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Virus impacting Scotland's salmon exports as air cargo supply shrinks

THE controls that have been imposed in various markets to mitigate the effects of the coronavirus have made it difficult for some of Scotland's salmon exporters to get products to customers, reports the Scottish Salmon Producers Organisation (SSPO) has said

Virus impacting Scotland's salmon exports as air cargo supply shrinks

THE controls that have been imposed in various markets to mitigate the effects of the coronavirus have made it difficult for some of Scotland's salmon exporters to get products to customers, reports the Scottish Salmon Producers Organisation (SSPO) has said

19 March 2020 - 19:00

THE controls that have been imposed in various markets to mitigate the effects of the coronavirus have made it difficult for some of Scotland's salmon exporters to get products to customers, reports the Scottish Salmon Producers Organisation (SSPO) has said.

US President Donald Trump extended a European travel ban to include the United Kingdom and Ireland. Cargo remains exempt from the ban, but the number of transatlantic flights has dropped as a result, significantly reducing bellyhold cargo capacity from the market, according to London's Air Cargo News.



In a statement commenting on the impact of coronavirus on the farmed salmon sector, SSPO's Hamish Macdonell said it is determined see the crisis eases as quickly as possible.



As the United Kingdom's most valuable food export, Scottish salmon is prominent in a number of key markets which are now facing restrictions of various sorts because of the coronavirus outbreak, Macdonell said.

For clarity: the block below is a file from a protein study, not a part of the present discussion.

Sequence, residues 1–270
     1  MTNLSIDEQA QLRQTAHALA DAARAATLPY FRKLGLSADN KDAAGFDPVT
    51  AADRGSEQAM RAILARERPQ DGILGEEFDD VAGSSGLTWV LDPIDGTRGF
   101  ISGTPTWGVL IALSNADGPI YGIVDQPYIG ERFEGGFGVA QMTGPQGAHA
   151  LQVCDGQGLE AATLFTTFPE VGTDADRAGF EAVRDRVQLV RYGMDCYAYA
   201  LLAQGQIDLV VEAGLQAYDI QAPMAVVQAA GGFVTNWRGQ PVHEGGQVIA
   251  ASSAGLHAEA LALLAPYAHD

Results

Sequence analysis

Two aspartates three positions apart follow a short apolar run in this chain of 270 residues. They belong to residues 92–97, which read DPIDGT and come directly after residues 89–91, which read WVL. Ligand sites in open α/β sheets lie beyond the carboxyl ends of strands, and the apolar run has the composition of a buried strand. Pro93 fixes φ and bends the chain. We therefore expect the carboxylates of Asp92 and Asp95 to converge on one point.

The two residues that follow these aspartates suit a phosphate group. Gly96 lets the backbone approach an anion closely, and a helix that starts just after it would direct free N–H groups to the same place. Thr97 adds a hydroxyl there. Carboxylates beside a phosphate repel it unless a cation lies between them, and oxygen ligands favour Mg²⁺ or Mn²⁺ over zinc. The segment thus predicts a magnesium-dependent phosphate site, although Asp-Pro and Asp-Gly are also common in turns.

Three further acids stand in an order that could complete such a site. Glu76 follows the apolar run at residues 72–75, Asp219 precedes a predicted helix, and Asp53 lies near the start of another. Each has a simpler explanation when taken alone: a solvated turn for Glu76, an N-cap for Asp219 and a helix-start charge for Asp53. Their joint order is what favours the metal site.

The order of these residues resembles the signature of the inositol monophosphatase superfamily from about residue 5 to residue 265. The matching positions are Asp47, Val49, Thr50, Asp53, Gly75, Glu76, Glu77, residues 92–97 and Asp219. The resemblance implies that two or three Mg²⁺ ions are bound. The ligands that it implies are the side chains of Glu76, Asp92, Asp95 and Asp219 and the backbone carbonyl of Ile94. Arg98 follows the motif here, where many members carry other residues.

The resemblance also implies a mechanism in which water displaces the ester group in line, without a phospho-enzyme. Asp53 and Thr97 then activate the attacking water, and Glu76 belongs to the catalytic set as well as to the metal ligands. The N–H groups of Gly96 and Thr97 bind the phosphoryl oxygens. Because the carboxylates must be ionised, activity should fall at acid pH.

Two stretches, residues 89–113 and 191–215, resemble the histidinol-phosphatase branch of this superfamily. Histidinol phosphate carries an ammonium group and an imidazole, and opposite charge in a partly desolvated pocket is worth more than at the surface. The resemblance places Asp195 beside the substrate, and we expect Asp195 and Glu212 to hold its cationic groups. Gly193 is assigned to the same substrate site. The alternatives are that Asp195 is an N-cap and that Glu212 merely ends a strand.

'This has led to problems in getting salmon to our customers in different parts of the world, problems which are likely to get worse before they get better,' he said. 'As a result, we are working with the Scottish and UK governments and environmental regulators to keep fish in the water for longer, where this is appropriate, and looking at other measures to give our members more flexibility in dealing with these market disruptions.'



Mr Macdonell said that so far, working through these measures had been 'relatively straightforward' as the preparatory work was done ahead of a possible no-deal Brexit last year, when similar market problems were anticipated.



'It is worth noting, however, that the UK market for salmon remains strong at the moment as customers stock up in the face of further restrictions at home and some of our member companies are looking actively at market substitution as a way of coping with the ongoing drop off in demand from other parts of the world,' he said. 'We will continue to monitor the situation very closely and work with the authorities to do all we can to minimise the disruption caused by this worldwide crisis.'



In 2019, UK exports of Scottish salmon amounted to 94,000 tonnes worth a record GBP618 million (US$778.2 million). France, the United States, and China provided the sector's top three markets with sales worth GBP221 million million, GBP 179 million and GBP59 million respectively.


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